From gunpowder stockpiles to Star Wars memorabilia, it seems that nothing is safe from a lightning strike. Let's take a look back at some notable examples.
1. Lightning and Gunpowder Don't Mix
In August of 1769, lightning struck the tower of the Church of the Nazaire in Brescia, Italy. The current passed through the vaults where 207,000 pounds of gunpowder had been stored for safekeeping. You can tell where this is going. The aftermath destroyed a sixth of the city and killed 3,000 residents. The British parliament responded by passing two acts establishing standards for the manufacture and storage of gunpowder in private hands, eventually leading to an argument over how to best protect arsenal from lightning strikes.
2. Pan American Flight 214—December 8, 1963
The worst lightning strike death toll occurred when lightning hit a Pan American Boeing 707 en route from Puerto Rico to Philadelphia, killing all 81 on board. It's the only US airliner lost to lightning. Lightning struck the left wing of the 707 and hit the fuel vapor mixture stored in a reserve fuel tank, igniting it. The airplane exploded midair and crashed near Elkton, Maryland.
Flight 214 was in a holding pattern, awaiting approval to land at Philadelphia International Airport when it was struck. On fire, a large portion of the left wing separated in flight. The pilot managed to maintain control for a few seconds before the plane crashed. While examining the wreckage, officials noticed numerous spots where the metal surface and rivet heads appeared melted. Also, an irregular-shaped hole surrounded by fused metal indicated the presence of high heat.
Lightning charges can be hazardous to airplane fuel systems because lightning is able to ignite the fuel vapor in the tanks. As a result of this tragedy, the FAA insisted that all commercial jet liners be fitted with lightning discharge wicks. Still, on average, every commercial airliner is struck in flight at least once per year.
3. New York City Blackout
4. Lightning in Space (sort of)
The Atlas-Centaur 67 was a 137-foot, $78 million rocket carrying $83 million of military communication equipment. Spinning out of control 51 seconds after liftoff, the rocket had to be destroyed immediately to prevent any off-course veering that might have endangered populated areas along the Florida coast. The flaming wreckage fell into the Atlantic Ocean three miles from Cape Canaveral.
Afterwards, videotape released by NASA showed a lightning bolt clearly flashing out of the rain clouds into which the Atlas-Centaur had vanished. Safety officials determined that at 14,250 feet the rocket disappeared into the clouds, losing control and disrupting all communications. Lightning experts said that a rocket penetrating a storm cloud could attract electrical charges much like a tree or a tall building, such as the Empire State Building. NASA officials blamed the Air Force for shoddy weather reports, and defended their decision to launch a rocket into cloudy skies.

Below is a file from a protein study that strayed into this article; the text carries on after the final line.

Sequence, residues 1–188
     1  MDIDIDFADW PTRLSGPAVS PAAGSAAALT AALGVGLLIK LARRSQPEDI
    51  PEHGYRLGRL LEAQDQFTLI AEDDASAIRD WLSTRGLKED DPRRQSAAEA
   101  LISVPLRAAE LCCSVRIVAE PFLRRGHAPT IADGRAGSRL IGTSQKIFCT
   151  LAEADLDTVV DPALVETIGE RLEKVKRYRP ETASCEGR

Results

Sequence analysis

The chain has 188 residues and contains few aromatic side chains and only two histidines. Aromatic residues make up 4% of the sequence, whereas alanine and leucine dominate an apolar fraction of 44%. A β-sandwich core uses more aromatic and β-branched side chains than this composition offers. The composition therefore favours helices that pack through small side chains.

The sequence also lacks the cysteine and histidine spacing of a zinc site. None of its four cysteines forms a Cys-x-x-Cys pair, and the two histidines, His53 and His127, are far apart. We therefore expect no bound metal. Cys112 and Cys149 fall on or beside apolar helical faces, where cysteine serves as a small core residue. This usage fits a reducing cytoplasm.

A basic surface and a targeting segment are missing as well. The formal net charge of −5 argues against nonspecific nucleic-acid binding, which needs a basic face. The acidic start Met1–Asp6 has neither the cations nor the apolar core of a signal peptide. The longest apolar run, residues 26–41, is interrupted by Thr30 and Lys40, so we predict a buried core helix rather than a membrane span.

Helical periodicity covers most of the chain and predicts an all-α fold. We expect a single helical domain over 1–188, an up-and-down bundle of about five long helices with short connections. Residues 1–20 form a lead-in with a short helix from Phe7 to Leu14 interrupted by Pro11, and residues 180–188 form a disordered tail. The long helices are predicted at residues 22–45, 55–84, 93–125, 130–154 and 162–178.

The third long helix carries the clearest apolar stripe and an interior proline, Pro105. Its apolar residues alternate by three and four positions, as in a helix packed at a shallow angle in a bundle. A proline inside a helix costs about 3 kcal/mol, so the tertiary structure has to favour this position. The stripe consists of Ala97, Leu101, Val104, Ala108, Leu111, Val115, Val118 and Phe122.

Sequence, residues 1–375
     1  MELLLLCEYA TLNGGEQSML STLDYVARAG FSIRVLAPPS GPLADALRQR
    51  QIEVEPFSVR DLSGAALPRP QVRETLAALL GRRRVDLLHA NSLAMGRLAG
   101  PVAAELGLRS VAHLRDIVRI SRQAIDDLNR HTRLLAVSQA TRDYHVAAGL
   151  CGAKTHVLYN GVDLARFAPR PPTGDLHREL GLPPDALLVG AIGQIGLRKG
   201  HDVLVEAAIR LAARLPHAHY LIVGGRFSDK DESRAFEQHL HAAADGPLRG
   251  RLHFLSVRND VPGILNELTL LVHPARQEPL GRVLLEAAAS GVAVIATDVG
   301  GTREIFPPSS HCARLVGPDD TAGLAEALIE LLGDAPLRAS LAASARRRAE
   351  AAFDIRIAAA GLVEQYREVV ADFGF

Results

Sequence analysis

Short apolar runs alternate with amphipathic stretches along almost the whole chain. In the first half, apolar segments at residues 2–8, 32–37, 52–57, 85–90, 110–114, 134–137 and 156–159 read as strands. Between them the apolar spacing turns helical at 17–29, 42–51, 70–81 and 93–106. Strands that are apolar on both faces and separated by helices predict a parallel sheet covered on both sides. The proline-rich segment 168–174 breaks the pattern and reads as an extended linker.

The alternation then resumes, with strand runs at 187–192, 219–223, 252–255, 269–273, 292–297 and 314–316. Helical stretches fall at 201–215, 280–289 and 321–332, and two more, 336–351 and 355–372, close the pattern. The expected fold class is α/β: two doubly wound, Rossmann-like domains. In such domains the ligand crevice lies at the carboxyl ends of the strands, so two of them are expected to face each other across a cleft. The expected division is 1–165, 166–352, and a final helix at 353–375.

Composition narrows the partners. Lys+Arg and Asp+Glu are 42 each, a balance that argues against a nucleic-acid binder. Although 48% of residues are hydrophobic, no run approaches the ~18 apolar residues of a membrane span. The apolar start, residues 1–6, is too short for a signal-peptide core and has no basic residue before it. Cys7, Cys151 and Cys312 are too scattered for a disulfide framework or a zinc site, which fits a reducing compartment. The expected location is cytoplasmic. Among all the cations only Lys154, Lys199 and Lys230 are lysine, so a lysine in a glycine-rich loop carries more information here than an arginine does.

This was not the first time lightning and NASA butted heads. On November 14, 1969, the Apollo 12 was struck thirty seconds into liftoff. Systems failed temporarily, but the astronauts managed to regain control.
5. The Yellowstone Fires—Summer of 1988
A combination of drought, high winds, and multiple lightning strikes caused one of the largest fire seasons in Yellowstone history. Fires affected 36% of the park (approx. 793,800 acres)—nine fires because of human error, 42 by lightning. 300 mammals perished (mostly elk). Yellowstone residents, firefighters, and tourists remember the harrowing months of flames licking above the treetops, evacuations, closed roads, and hillsides glowing with embers. Dubbed "Black Saturday," August 20 marked the single most active fire day of the 1988 season. Several Rangers and visitors found themselves stranded at the visitor center, the exit paths blocked by downed trees and 100 foot tall windblown flames.
Even ten years later, hikers still had to take caution, especially on windy days, for falling dead trees burned in the 1988 fires. As of 2008, new trees are growing in thick and tall, covering the views opened up by the fires.
6. Lightning vs. The Force
In 2005, Graham Duck returned to his home in Loftus to find that his house had been struck by lightning during a storm that ravaged part of northern England. The lightning hit the chimney, traveled down a wall, and set fire to the loft. The lightning strike also destroyed his Â£20,000 collection of Star Wars toys and memorabilia, which he had stored in the loft, close to where the lightning hit the roof. Mr. Duck called the collection irreplaceable and priceless.
7. Lightning: Cure or Cause?
70% of people who get hit by lightning survive—including many golfers, whose constant presence in open spaces leaves them vulnerable. Victims often claim to have undergone physical changes, frustrating incredulous lawyers who think they want simply to win lawsuits or workers' compensation. Survivors claim that after being struck, they developed stutters, impotence, memory loss, depression, blurred vision, and poor hearing. Fair enough after having electricity surge through your body. Some bizarre survivor stories include:
Tony Cicori, a surgeon who suddenly became obsessed with classical piano after being struck by lightning.
Roy Sullivan, a former park ranger, holds the Guinness Records not only for being struck the most—seven times—but surviving them all! He kind of debunks the whole "lightning never strikes the same place twice" thing. Sadly, Sullivan committed suicide when he was 71.
Harold Deal said he stopped feeling cold after he was struck by lightning in 1969. He regularly wears shorts in snowstorms and has photos to prove it.
Edwin Robinson claims a lightning bolt returned his eyesight, which he'd lost in a car accident 10 years earlier.
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